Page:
U.S. Rep. Artur Davis (D-AL) has had enough of the politicized prosecutions of the Bush/Rove Department of Justice.

Davis, a three-term congressman and member of the House Committee on the Judiciary, has taken up the cause of former Alabama governor Don Siegelman (D), roundly criticizing the DoJ prosecutions of him (one prosecution was dismissed) and calling for a Congressional investigation.

The bizarre conviction of Siegelman this year is drawing nationwide condemnation as a political prosecution engineered by Karl Rove, similar to the prosecution of the innocent Wisconsin state worker Georgia Thompson, now exonerated.

In his letter to the chair of the House Committee on the Judiciary, Rep. John Conyers (D-MI), released last Thursday, Rep Davis commended the hearing that Rep. John Conyers (D-MI) is reportedly intent on holding on the Siegelman matter.

“A variety of claims have arisen regarding the Siegelman case. It has been suggested that the case against Siegelman was unusually weak and uncorroborated. … Most explosively, an attorney who worked in the 2002 campaign against Siegelman has sworn an affidavit claiming that she participated in a November 2002 conference call in which an influential Republican claimed that Karl Rove had given assurances that Siegelman would be indicted. Prior to his service in the White House, Rove had an extensive history of involvement in Alabama elections, and maintains contact with a number of Republican contributors and operatives in my state,” wrote Davis.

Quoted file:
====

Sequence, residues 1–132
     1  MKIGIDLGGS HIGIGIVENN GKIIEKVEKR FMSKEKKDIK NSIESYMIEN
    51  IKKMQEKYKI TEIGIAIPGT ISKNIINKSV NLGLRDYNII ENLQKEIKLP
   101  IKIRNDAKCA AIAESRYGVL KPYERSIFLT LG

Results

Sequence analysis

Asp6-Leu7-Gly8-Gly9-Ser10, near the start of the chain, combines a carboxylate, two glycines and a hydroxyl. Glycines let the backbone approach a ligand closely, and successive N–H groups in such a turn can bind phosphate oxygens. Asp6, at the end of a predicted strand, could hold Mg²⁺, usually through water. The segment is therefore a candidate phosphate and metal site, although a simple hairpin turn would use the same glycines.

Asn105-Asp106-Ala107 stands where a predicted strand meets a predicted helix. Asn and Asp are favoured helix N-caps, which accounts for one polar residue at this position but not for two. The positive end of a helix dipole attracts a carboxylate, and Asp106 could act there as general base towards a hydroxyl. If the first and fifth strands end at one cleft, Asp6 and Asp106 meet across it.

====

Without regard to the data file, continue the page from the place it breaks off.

In his letter, Davis also singled out Wisconsin U.S. Attorney Steven Biskupic (Eastern District of Wisconsin) for his prosecution of the innocent Georgia Thompson—used unsuccessfully by Republican political operatives to tarnish Democratic Governor Jim Doyle in the 2006 election and described by an appeals court as “preposterous”—as an example of the politically motivated prosecutions of the U.S. DoJ under Bush and Rove.

“At least one U.S. Attorney, Steven M. Biskupic, was removed from a list of prosecutors to be terminated only after he indicted a Democratic appointee in the midst of a closely contested governor’s race in Wisconsin,” wrote Davis.

The DoJ prosecution of Siegelman was recently blasted in a New York Times editorial (June 30) as a Karl Rove-engineered political attack:

“The most arresting evidence that Mr. Siegelman may have been railroaded is a sworn statement by a Republican lawyer, Dana Jill Simpson. Ms. Simpson said she was on a conference call in which Bill Canary, the husband of the United States attorney whose office handled the case, insisted that ‘his girls’ would ‘take care of” Mr. Siegelman. According to Ms. Simpson, he identified his ‘girls’ as his wife, Leura Canary, and another top Alabama prosecutor. Mr. Canary, who has longstanding ties to Karl Rove, also said, according to Ms. Simpson, that he had worked it out with ’Karl.’”

Though the House Committee chaired by Conyers has already held several hearings on the DoJ, observers believe that Conyers will continue his dogged oversight up until the end of the Bush administration.